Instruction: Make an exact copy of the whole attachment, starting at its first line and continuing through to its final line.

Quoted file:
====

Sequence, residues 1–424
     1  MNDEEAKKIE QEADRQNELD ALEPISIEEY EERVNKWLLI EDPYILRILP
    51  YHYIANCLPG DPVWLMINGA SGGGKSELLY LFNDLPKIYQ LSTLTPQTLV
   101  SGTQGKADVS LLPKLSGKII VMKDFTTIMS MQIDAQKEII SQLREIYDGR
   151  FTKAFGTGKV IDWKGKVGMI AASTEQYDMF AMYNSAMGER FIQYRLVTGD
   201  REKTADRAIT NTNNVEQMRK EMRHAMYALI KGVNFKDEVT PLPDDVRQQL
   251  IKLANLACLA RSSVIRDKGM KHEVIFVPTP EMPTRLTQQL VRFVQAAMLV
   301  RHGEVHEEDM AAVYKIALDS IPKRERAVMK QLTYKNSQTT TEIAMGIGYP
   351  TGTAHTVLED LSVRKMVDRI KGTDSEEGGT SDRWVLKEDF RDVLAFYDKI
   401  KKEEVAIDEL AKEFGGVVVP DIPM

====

Sequence, residues 1–424
     1  MNDEEAKKIE QEADRQNELD ALEPISIEEY EERVNKWLLI EDPYILRILP
    51  YHYIANCLPG DPVWLMINGA SGGGKSELLY LFNDLPKIYQ LSTLTPQTLV
   101  SGTQGKADVS LLPKLSGKII VMKDFTTIMS MQIDAQKEII SQLREIYDGR
   151  FTKAFGTGKV IDWKGKVGMI AASTEQYDMF AMYNSAMGER FIQYRLVTGD
   201  REKTADRAIT NTNNVEQMRK EMRHAMYALI KGVNFKDEVT PLPDDVRQQL
   251  IKLANLACLA RSSVIRDKGM KHEVIFVPTP EMPTRLTQQL VRFVQAAMLV
   301  RHGEVHEEDM AAVYKIALDS IPKRERAVMK QLTYKNSQTT TEIAMGIGYP
   351  TGTAHTVLED LSVRKMVDRI KGTDSEEGGT SDRWVLKEDF RDVLAFYDKI
   401  KKEEVAIDEL AKEFGGVVVP DIPM